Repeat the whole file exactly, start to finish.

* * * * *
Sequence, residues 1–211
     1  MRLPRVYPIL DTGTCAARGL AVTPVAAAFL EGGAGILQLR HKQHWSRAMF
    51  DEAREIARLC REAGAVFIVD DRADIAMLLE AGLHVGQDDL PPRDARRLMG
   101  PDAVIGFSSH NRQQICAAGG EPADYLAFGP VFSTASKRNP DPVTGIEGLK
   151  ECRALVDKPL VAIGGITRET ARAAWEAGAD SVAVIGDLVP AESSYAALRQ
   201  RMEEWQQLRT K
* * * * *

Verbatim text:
Sequence, residues 1–211
     1  MRLPRVYPIL DTGTCAARGL AVTPVAAAFL EGGAGILQLR HKQHWSRAMF
    51  DEAREIARLC REAGAVFIVD DRADIAMLLE AGLHVGQDDL PPRDARRLMG
   101  PDAVIGFSSH NRQQICAAGG EPADYLAFGP VFSTASKRNP DPVTGIEGLK
   151  ECRALVDKPL VAIGGITRET ARAAWEAGAD SVAVIGDLVP AESSYAALRQ
   201  RMEEWQQLRT K